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2020 Infant & Early Childhood Conference Featured Speakers

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Monday Keynote Presentation

ACES: Strategies for Addressing Adversity in the Lives of Young Children and their Families

Monday, October 26 | 9 – 10:30 a.m. CST | Online

This keynote will explore the impact of adverse childhood and community experiences on the development and mental health of infants, toddlers, preschoolers and their caregivers. Strategies for optimizing young children’s outcomes in the face of these challenges will be discussed, including interventions for the children themselves, parenting programs, and community-based initiatives.

Presented by Dr. Brenda Jones Harden, PhD, Alison Richman Professor for Children & Families – University of Maryland School of Social Work

Dr. Brenda Jones Harden is the Alison Richman Professor for Children and Families, at the University of Maryland School of Social Work. She directs the Prevention and Early Adversity Research Laboratory, where she and her research team examine the developmental and mental health needs of young children who have experienced early adversity and toxic stress, particularly those who have been maltreated or have experienced other forms of trauma. A particular focus is preventing maladaptive outcomes in these populations through early childhood programs. She has conducted numerous evaluations of such programs, including early care and education, home visiting services, parenting interventions, and infant mental health programs. Dr. Jones Harden is a scientist-practitioner who uses research to improve the quality and effectiveness of child and family services and to inform child and family policy. She received a PhD in developmental and clinical psychology from Yale University and a Master’s in Social Work from New York University.

Tuesday Keynote Presentation

Structural Factors and Inequities in Maternal and Infant Health and the Path Towards Birth Equity

Tuesday, October 27 | 9 – 10:30 a.m. CST | Online

Structural racism disadvantages parents of color before, during and after pregnancy, leading to heartbreaking perinatal health inequities for both birthgivers and their babies. Relationship-centered and culturally-centered care models provide needed support to parents of color, making strides on the path towards racial birth equity. Building anti-racism into medical, educational, and policy systems beyond perinatal care is necessary for sustainable racial health equity throughout the lives of people of color.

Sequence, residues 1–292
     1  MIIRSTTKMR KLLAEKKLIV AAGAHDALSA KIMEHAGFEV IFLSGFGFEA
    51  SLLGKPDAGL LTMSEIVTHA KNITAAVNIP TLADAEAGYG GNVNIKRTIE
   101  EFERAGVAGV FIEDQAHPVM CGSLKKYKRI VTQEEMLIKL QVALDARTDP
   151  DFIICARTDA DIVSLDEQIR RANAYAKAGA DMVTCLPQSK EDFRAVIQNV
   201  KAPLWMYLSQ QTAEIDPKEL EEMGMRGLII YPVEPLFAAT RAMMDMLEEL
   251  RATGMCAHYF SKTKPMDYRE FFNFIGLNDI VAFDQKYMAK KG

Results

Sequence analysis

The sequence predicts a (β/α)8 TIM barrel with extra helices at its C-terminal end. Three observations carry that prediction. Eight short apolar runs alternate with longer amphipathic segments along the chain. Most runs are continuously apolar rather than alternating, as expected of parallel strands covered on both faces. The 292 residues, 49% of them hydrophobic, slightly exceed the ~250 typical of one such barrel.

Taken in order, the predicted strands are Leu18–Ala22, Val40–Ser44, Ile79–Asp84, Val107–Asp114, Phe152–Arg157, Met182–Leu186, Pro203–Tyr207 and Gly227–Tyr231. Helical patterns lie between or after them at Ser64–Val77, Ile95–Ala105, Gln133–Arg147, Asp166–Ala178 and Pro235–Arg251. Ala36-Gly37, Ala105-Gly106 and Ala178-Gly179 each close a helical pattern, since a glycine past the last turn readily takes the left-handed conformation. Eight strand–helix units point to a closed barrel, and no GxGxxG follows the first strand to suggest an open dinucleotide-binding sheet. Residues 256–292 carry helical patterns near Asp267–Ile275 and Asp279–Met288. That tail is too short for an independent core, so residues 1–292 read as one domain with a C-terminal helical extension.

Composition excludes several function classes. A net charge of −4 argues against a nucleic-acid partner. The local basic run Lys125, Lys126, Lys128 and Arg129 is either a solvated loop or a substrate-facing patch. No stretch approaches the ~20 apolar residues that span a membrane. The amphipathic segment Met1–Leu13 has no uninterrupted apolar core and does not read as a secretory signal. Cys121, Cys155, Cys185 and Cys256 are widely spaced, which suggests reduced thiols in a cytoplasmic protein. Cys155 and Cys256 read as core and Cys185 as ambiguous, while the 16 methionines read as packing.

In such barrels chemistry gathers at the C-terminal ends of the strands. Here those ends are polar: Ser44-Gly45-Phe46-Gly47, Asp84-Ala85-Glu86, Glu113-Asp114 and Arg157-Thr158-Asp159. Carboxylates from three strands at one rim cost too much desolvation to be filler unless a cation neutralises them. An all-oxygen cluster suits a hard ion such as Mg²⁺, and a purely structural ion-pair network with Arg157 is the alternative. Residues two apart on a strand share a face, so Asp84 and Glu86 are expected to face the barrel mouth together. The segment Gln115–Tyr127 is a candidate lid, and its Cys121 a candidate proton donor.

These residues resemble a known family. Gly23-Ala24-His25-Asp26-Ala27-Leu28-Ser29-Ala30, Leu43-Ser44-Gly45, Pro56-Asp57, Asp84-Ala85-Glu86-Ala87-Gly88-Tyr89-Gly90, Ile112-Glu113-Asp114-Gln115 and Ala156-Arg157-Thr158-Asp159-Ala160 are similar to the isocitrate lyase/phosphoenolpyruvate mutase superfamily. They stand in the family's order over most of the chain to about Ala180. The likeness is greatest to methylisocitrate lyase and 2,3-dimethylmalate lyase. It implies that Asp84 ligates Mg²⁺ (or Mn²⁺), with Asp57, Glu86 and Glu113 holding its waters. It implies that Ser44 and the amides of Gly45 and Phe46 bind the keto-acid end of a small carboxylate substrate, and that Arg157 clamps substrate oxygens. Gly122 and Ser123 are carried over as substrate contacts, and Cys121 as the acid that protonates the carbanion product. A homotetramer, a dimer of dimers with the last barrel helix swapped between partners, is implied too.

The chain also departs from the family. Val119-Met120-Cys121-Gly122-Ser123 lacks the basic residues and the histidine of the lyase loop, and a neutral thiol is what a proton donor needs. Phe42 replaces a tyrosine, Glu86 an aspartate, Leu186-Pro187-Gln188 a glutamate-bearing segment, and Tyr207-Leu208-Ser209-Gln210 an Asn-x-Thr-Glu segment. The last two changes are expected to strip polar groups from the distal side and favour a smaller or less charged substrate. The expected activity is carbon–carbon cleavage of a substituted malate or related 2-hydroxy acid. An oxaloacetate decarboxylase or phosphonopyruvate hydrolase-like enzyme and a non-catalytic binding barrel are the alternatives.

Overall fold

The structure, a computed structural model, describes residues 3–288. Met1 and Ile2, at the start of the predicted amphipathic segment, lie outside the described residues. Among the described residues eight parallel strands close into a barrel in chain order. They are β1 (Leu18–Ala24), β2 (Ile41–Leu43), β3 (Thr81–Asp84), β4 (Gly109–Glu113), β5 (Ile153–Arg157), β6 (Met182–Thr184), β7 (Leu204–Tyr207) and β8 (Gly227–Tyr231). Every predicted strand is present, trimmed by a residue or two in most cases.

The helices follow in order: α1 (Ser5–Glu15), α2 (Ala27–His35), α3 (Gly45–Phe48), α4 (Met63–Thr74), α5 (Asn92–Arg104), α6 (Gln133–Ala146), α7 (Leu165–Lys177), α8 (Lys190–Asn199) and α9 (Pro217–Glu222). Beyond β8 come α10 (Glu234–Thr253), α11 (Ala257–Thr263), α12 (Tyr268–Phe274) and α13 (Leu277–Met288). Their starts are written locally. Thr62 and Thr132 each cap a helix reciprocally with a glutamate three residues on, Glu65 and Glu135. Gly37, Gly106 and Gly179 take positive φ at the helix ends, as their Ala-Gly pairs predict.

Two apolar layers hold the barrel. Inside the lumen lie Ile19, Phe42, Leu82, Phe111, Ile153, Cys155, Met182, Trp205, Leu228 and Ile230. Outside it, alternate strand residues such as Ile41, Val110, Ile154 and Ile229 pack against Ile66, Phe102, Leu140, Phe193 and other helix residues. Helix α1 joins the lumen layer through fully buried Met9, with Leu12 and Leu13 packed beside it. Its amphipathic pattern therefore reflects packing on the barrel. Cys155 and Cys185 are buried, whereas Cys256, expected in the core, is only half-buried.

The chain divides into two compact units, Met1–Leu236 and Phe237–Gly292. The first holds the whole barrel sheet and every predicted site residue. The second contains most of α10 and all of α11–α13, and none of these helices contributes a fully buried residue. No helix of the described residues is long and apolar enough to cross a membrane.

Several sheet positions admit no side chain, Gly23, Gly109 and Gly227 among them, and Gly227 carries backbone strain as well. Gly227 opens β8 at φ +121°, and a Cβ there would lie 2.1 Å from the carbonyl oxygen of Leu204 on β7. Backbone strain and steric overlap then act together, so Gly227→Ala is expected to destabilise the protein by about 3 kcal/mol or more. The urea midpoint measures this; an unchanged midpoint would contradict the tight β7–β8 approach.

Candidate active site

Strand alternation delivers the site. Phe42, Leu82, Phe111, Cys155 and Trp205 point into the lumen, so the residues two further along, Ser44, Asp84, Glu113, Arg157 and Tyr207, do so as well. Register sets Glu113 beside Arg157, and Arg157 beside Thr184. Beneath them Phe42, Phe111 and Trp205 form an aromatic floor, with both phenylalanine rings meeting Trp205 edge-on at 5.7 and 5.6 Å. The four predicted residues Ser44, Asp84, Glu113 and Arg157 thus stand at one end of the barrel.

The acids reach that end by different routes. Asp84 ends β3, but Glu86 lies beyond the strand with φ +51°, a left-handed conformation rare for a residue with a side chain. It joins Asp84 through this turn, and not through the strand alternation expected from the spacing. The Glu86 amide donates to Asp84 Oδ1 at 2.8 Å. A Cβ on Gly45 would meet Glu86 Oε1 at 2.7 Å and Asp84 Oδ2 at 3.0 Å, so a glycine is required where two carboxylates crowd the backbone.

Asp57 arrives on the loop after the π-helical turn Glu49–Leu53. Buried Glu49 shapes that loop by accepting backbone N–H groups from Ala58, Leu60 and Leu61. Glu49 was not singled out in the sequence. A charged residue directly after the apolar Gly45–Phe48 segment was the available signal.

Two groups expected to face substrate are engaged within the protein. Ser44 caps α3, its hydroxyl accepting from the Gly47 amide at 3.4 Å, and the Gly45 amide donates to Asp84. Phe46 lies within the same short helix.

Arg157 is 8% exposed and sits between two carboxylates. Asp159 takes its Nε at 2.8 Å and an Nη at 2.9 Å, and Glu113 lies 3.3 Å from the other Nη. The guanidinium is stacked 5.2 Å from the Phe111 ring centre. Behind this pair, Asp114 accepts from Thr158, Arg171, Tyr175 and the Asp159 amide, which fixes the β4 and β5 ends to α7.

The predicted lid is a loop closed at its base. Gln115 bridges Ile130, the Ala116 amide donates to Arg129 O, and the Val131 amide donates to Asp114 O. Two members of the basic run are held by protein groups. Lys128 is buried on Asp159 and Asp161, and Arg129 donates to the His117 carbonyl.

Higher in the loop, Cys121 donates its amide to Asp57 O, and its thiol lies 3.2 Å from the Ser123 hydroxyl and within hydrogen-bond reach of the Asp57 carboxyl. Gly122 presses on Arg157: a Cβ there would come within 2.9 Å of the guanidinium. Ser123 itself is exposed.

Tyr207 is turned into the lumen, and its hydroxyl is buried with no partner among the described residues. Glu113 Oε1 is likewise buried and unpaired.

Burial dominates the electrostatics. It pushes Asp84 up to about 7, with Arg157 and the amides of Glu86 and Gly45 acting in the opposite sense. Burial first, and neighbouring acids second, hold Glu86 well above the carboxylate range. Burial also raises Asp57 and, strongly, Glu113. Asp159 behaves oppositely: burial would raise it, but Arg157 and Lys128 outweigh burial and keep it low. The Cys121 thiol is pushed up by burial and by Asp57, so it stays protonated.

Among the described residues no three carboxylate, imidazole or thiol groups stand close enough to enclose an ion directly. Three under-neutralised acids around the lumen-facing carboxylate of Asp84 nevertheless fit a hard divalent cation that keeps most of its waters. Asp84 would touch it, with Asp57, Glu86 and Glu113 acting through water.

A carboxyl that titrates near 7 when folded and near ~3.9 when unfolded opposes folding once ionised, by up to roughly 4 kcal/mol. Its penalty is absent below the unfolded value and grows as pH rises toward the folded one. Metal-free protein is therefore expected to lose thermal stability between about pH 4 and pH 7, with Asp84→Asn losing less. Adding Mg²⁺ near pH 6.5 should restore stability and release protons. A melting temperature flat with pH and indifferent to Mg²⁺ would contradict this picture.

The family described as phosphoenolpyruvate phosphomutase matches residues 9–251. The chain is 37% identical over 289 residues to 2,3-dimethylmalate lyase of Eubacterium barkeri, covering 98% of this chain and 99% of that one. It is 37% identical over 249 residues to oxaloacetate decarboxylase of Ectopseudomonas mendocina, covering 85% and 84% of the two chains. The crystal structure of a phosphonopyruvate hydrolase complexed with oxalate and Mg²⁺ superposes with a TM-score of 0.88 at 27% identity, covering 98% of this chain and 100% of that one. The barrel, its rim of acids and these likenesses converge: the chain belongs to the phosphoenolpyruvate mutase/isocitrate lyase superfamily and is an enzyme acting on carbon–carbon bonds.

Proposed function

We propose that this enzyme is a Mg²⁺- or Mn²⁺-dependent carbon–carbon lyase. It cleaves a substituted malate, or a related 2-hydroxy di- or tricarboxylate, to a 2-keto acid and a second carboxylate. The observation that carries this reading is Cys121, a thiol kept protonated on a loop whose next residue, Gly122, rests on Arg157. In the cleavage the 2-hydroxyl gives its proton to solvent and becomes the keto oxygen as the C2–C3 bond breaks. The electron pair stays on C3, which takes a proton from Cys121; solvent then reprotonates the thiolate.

Presented by Dr. Rachel R. Hardeman, PhD, MPH, Associate Professor in the Division of Health Policy & Management – University of Minnesota, School of Public Health

Dr. Rachel R. Hardeman is a tenured Associate Professor in the Division of Health Policy & Management, University of Minnesota, School of Public Health and the Blue Cross Endowed Professor in Health and Racial Equity. A reproductive health equity researcher, she applies the tools of population health science and health services research to elucidate a critical and complex determinant of health inequity—racism. Dr. Hardeman leverages the frameworks of critical race theory and reproductive justice to inform her equity-centered work which aims to build the empirical evidence of racism’s impact on health particularly for Black birthing people and their babies. Dr. Hardeman’s research includes a partnership with Roots Community Birth Center, in North Minneapolis, one of five Black-owned freestanding birth centers in the United States. Her work also examines the potential mental health impacts for Black birthing people when living in a community that has experienced the killing of an unarmed Black person by police. Published in journals such as the New England Journal of Medicine and the American Journal of Public Health, Dr. Hardeman’s research has elicited important conversations on the topics of culturally-centered care, police brutality and structural racism as a fundamental cause of health inequities. Her overarching goal is to contribute to a body of knowledge that links structural racism to health in a tangible way, identifies opportunities for intervention, and dismantles the systems, structures, and institutions that allow inequities to persist.